Extracts from the interview with Philippe Ginestié by Arnaud Lefebvre.

Under pressure from its main shareholders, the Lagardère group presented last week its plan to transform a limited partnership with shares (SCA) into a public limited company. 

While the Paris Bourse today only has a dozen SCAs, does this decision suggest, according to you who are a specialist in this status, its imminent disappearance?

For many years, SCA has suffered from a bad image among investors, who consider it particularly undemocratic. It is regrettable. This statute, based on the existence of two categories of partners, the general partners and the limited partners, makes it possible to attribute political power to the former (appointment of directors, in particular) and to the latter mainly economic rights. Qualified as limited partners, shareholders thus have prerogatives limited to voting on dividends, approving the accounts and appointing members of the supervisory board and auditors. On the other hand, they have no weight on the strategy implemented by the leaders, or even on the appointment of the latter. However, the case of Lagardère shows that the general partners must nevertheless be accountable to the shareholders and that the SCA does not constitute a very impregnable castle. In this sense, some criticisms of its supposed lack of democracy are being undermined. It is also quite amusing to note that one of the main protesters of the SCA at Lagardère is a fund, Amber Capital, which, like all funds, manages the funds of investors who do not have a say. .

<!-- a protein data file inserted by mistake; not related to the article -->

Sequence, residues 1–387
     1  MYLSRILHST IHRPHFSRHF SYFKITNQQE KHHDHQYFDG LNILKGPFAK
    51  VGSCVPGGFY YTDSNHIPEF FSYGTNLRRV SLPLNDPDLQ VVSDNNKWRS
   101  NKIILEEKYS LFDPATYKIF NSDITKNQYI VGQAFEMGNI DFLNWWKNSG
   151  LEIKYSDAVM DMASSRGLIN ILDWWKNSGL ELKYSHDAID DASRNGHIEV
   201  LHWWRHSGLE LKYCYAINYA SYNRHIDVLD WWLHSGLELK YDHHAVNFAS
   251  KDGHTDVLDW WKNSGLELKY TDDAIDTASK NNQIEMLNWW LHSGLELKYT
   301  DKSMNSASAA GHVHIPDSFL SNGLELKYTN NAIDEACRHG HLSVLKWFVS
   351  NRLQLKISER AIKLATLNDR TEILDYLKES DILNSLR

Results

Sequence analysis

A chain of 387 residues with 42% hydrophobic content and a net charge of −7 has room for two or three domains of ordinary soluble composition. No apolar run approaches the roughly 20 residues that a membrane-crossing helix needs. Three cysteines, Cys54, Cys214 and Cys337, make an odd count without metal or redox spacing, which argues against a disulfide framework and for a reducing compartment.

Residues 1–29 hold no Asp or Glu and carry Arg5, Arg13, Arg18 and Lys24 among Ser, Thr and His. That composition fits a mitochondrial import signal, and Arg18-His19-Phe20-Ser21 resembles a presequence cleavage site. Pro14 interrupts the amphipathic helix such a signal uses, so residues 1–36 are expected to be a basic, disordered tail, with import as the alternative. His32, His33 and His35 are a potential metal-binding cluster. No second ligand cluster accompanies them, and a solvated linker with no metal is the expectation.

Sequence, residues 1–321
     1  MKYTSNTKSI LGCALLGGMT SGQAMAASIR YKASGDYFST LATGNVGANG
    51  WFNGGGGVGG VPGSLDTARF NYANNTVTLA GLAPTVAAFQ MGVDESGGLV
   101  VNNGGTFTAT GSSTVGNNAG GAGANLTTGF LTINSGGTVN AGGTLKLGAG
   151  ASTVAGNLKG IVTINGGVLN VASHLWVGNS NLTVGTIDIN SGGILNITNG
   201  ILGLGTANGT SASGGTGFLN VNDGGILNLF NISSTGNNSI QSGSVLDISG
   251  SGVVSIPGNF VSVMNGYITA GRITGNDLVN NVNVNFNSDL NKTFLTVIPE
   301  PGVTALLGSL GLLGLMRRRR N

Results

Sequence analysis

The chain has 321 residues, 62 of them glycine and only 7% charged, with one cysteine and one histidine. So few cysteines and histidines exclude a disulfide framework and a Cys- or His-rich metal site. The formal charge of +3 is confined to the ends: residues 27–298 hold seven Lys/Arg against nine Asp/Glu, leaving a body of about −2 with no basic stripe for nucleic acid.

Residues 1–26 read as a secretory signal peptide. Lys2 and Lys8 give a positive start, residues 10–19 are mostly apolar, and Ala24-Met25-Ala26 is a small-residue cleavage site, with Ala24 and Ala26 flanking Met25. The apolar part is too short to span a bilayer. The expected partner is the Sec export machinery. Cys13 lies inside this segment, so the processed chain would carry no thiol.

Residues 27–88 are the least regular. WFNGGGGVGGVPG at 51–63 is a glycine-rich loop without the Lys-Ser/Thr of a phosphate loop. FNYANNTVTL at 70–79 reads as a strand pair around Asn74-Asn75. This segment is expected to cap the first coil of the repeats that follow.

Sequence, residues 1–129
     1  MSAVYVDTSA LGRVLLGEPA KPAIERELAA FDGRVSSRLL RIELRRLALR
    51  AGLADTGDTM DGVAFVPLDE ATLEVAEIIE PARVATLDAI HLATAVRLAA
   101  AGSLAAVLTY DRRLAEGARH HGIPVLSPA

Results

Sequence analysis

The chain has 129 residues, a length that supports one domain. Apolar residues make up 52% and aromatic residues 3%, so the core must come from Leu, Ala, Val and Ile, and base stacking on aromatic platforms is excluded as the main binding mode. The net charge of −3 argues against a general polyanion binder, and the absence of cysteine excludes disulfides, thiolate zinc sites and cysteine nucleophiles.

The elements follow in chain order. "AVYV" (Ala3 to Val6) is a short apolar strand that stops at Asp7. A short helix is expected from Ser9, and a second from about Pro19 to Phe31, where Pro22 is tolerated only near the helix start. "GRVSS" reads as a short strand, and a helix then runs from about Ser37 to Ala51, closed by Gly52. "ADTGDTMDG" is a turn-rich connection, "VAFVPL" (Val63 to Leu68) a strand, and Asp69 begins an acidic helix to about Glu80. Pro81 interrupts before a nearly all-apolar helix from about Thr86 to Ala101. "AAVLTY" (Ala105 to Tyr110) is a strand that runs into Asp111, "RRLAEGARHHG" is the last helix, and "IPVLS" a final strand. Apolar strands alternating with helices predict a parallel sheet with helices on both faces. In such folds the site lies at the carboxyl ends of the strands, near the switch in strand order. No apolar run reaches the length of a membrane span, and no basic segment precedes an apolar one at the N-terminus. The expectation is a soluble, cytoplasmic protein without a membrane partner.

I would also add that history has shed light on the effectiveness of the SCA which, on an industrial level, can facilitate the preservation of a culture and family values, as at Hermès or Michelin, while sometimes generating shareholders an exceptional stock market performance. Even if it is not excluded, by fashion effect, that the SCA will be replaced within a few years by a new statute, the principle of separation of the power and the capital on which it rests will probably be consolidated.


Philippe Ginestié


Founder of the firm, he has extensive experience in the areas of corporate and complex operations where legal, tax and financial considerations must be integrated. He has developed particular expertise in the legal organization of relations between the control of power in groups.

Administrator of the Alpha Omega Foundation, he also supports non-profit organizations.